Isabela's early origins date back to the Stone Age over 25,000 years ago when a pygmy race called the Agtas were the first indigenous people to inhabit the Philippines. They were the ancestors of the Dumagats, who still roam the mountainous forestlands of Eastern Isabela and the shorelines of Coastal Isabela. For many centuries, the ancient Agtas subsisted as hunters, gatherers, and fisherfolk.

Five thousand years ago, a wave of Indonesian migrants came to Isabela, followed by three waves of Malays between 200 BC and 1500 AD. Their descendants are the present-day Ibanag, Gaddang. Yogad, and other indigenous peoples who occupy the valleys and foothills of Western Isabela where they built a civilization based on corn agriculture governed by the basic political unit known as the barangay, 

In the 16th and 17th centuries, the Spaniards arrived in northern Luzon and introduced the Christian religion, the encomienda system of government, and the tobacco monopoly. Their 300-year rule was marked by oppression, which triggered several revolts in the 18th century led by local chieftains Dabo and Marayag.

Prior to 1839, the entire Cagayan Valley was one large province which the Spanish insular government designated as La Provincia del Valle de Cagayan. To facilitate the conversion of the natives to Catholic Christianity by Spanish missionaries, two provinces were created in the vast territory, namely Cagayan and Nueva Vizcaya. The latter was established upon the advice of Cagayan's alcalde mayor to Governor-General Luiz Lardizabal who issued an order in 1839 which was approved by a Spanish royal decree on April 10, 1841.

 Another royal decree was issued on May 1, 1856, creating Isabela de Luzon - as the province was initially called, distinguishing it from similarly named places in other parts of Las Islas Filipinas. The new province's name was derived from then reigning Queen Isabella II of Spain. It consisted of nine towns of which were formerly part of Cagayan and seven others detached from Nueva Vizcaya.

A new wave of migration started in the late 19th, with large numbers of Ilocanos from northwestern Luzon settling in Isabela. They were followed by other ethnolinguistic groups, transforming the province into the "Melting Pot of the North."

During the Philippine-American War that followed the Philippine Revolution against Spain in the 1890's, the town of Palanan in Coastal Isabela figured prominently. There, on March 23, 1901, the first Philippine President, General Emilio Aguinaldo, was captured by US forces, signaling the end of America's first war as a colonial power. Under US rule, changes were instituted in the political system but the economy of Isabela remained agricultural.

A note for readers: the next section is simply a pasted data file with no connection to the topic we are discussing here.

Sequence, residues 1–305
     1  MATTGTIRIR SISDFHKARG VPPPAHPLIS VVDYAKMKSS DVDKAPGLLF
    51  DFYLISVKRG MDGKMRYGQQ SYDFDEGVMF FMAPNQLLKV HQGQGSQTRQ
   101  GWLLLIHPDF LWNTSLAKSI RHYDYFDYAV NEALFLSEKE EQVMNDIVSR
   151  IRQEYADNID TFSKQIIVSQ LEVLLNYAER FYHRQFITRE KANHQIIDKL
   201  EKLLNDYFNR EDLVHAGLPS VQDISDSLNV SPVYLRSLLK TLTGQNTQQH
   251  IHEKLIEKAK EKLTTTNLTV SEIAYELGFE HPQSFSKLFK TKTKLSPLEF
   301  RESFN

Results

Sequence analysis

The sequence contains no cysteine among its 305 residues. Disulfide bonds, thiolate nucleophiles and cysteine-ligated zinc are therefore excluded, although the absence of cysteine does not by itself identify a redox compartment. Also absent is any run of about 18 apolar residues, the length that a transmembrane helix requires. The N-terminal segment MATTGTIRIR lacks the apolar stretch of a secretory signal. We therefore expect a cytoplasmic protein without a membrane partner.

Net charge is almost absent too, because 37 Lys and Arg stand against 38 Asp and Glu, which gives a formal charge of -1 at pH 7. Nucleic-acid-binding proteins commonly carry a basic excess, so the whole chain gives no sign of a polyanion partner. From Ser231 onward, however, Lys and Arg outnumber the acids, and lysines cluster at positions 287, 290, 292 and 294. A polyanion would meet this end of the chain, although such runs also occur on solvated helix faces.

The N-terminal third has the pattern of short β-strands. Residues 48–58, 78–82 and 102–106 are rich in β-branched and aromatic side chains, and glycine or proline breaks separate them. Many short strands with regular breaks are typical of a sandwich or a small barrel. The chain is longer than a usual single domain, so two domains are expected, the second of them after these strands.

The Japanese occupation of Isabela began in 1942 and lasted up to 1945, when the entire country was liberated by Filipino and American forces at the end of the World War II. Thereafter the Philippines became an independent republic in 1946.

From the late 20th century to the turn of the millennium, Isabela continued to grow as a premier province of the Philippines. In 1994, Santiago became an independent component city followed by Cauayan in 2001 and Ilagan in 2012

Isabela today is home to, 1,593,566 people who are distinguished for their resilience and diligence. Majority of them are classified as Ilocanos, who constitute 69% of total households. Two other prominent ethnolinguistic groups are Ibanag at 14% and Tagalog at 10%. The balance of 7% belongs to the Gaddang, Paranan, Yogad, and other indigenous tribes. their ethnic differences notwithstanding, Isabeleños demonstrate a close kinship that allows for great ease when challenging times call for unity, cooperation, and service to family and their community.

Isabela has one of the highest literacy rates in the world at 97%. Most Isabeleños, especially those in the urban centers, speak and understand both English and Filipino. Isabela's attractive suburban lifestyle has steadily been attracting retirees of foreign descent. as well as Bicolanos, Visayans, and Filipinos from other regions, contributing to the fluency of Isabeleños in other languages and local dialects, and to interesting inter-regional cultural blends that are most evident in the lifestyle and culinary practices of the locals.